Two people were fatally shot when a gunman opened fire on a Madden NFL gaming tournament this weekend in Jacksonville. The suspected shooter also died during the incident, of a self-inflicted injury, according to officials.
The shooting has rattled the tight-knit community of Madden NFL players and fans, many of whom witnessed the rampage or saw it broadcast in real time on a Twitch livestream.
On Monday, officials released the names of those killed in the attack as Elijah Clayton and Taylor Robertson.
But in posts on social media, friends and fellow Madden pros had already identified the victims as fellow gamers.
Eli Clayton was a 22-year-old gamer known as Trueboy, or simply True, and had a reputation for being "consistently one of the best in competitive Madden."
Clayton's former high school, Chaminade College Preparatory in Los Angeles, confirmed his death in a statement late Sunday night, calling him a "sweet, well-mannered young man," a "dedicated student," and "a great teammate to the football family."
"He did not believe in violence," his family said in a brief statement to reporters Monday. "He'd never even had a fist fight."
Surrounded by relatives, including Clayton's mother and mother, his cousin read from a family statement, saying the 22-year-old was loved by friends and family.
"As you can imagine we are all devastated by yet another senseless act of gun violence," Brandi Pettijohn, Clayton's cousin, said. "Every person who has stood in this position has said that they never thought that this would happen to their family. We're no different."
Pettijohn said her cousin was a "good man" who had been making a good living from gaming. He was using his winnings from tournaments to pay his way through college.
"He loved football and out of all the video games he could play, he selected and mastered Madden," she said.
The family has not made funeral arrangements, she said, but would make those announcements public when they were made.
Calabasas High School, which Clayton attended after leaving Chaminade in 2013, also confirmed his death, with the school's football team tweeting condolences to the former student's family and friends.
On social media, Madden competitors shared tributes and memories of Clayton, and expressed disbelief at the way that he was killed. Many called Clayton their "brother," and recalled watching him grow up as a player and individual both at Madden tournaments and in other online games.
Calling Clayton "one of my best friends in life," 2018 Madden Bowl champion Shay Kivlen tweeted: "I'm gonna miss hearing you laugh everyday and seeing your genuine smile."
Shay Kivlen, 21, told BuzzFeed News on Monday that Clayton was one his best friends, both in and out of the game. “He was one of my best friends in life, not just in Madden,” he said. They had known each other for 5 years and “talked almost every day.”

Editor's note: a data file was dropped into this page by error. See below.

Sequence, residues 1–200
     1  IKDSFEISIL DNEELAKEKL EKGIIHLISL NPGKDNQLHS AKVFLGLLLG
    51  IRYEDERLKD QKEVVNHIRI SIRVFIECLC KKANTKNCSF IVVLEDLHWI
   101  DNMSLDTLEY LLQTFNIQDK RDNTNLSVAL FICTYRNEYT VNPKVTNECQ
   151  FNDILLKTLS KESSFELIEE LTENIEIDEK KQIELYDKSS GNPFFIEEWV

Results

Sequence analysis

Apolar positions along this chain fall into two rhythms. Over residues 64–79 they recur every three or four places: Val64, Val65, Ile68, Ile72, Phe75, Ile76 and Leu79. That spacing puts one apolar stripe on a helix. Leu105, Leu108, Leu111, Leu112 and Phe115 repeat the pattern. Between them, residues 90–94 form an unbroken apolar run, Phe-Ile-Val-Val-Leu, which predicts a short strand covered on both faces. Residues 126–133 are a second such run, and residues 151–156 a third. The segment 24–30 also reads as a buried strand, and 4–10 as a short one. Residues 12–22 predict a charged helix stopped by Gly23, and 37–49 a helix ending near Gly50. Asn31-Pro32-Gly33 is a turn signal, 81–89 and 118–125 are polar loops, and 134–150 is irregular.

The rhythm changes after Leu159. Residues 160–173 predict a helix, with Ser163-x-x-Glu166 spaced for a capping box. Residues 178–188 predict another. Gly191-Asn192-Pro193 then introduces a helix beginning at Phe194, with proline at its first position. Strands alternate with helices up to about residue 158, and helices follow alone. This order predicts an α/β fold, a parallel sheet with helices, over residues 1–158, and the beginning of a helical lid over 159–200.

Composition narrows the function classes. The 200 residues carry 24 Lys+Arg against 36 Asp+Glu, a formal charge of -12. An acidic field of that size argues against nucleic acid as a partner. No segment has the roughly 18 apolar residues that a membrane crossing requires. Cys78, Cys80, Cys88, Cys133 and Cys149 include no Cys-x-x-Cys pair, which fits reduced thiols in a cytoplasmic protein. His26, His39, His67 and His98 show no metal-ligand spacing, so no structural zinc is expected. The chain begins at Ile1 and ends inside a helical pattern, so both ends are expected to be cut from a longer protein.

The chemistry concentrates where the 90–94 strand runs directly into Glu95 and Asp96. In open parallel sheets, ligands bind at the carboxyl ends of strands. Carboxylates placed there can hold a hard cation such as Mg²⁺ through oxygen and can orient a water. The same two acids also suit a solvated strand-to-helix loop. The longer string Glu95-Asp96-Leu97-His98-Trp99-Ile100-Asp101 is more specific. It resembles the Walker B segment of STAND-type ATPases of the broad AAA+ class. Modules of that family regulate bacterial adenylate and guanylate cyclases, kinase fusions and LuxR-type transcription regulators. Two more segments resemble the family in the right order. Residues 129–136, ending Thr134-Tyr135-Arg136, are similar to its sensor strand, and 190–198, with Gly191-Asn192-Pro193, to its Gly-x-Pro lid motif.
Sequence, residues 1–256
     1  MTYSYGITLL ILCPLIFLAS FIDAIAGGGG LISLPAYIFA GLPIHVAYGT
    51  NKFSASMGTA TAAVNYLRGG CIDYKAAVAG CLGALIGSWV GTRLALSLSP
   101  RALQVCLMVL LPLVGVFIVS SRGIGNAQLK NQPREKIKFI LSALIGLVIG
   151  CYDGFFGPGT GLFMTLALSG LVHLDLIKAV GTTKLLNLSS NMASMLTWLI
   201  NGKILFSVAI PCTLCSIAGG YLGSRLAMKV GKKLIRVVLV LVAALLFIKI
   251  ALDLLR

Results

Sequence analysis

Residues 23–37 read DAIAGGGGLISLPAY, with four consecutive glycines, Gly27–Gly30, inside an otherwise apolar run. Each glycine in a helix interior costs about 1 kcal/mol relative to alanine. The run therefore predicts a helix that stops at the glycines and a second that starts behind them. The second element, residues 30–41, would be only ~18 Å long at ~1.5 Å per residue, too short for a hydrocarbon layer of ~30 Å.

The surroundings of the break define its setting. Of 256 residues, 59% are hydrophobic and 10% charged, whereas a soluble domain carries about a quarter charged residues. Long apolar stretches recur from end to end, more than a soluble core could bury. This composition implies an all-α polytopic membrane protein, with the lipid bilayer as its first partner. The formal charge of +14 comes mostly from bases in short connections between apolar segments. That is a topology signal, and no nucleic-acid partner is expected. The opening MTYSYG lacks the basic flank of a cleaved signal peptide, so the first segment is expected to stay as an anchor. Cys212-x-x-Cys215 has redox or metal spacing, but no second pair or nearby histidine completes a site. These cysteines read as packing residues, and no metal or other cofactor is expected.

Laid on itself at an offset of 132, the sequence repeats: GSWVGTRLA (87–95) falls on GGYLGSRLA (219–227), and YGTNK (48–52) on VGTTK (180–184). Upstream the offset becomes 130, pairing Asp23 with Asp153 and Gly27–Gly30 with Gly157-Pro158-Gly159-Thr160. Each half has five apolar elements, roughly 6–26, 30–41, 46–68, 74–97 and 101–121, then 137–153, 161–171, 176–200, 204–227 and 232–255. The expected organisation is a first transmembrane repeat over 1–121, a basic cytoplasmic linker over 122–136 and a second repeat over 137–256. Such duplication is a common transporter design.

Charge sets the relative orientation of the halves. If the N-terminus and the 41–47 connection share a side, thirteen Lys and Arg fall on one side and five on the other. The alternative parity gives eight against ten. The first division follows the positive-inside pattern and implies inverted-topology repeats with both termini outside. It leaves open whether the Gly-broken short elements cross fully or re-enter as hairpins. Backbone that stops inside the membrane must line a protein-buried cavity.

“He was really kind, really just genuine,” Kivlen said. “He was one of the realest people I’ve ever known.”
Clayton would do anything for those he cared about, Kivlen said. “He cared lot about other people. If he cared about you, he’d do anything for you. He was a great person.”
"He was a True Champion from day one," one person wrote, sharing an Instagram photo of Clayton's first Madden tournament.
"I knew True for just a season, but it was awesome to see him evolve as a person and a player," Madden sideline reporter Adrienne Lawrence tweeted.
Family members, friends, and other Madden players posted tributes for Taylor Robertson, a 27-year-old husband and father from Ballard, West Virginia, who went by "Spotmeplzzz."
Kivlen described Robertson, who he met 3 years ago as, “always in a positive mood.”
“He’s literally one of the nicest people you’d ever meet, if not the nicest,” he said.
West Virginia Rep. Evan Jenkins tweeted his condolences to Robertson's family.
Andrew Evans, a Monroe County resident who went to the same high school as Robertson, said that he was "nothing but a winner" who "loved his family more than anything."
Rick Eades, who taught at James Moore High School, said Robertson was one of the reasons he continued to teach.
"He made me believe in the best in young people," Eades said in a Facebook comment. "A privilege to have known him."
Others in the community recalled Robertson as an "outstanding high school athlete and a fine young man."
Robertson was crowned champion of the Madden Classic in early December 2016 and was seen as "one of the toughest opponents" in competitive Madden.
"Two of our brothers are gone," Eric "Problem" Wright, a competitive Madden player, said in a tweet. "This community is like family."
"One was one of the nicest guys in the Madden community and a family man," another Madden player said. "The other was a young kid going through the ups and downs of life."
Elijah Clayton's age was misstated in an earlier version of this post.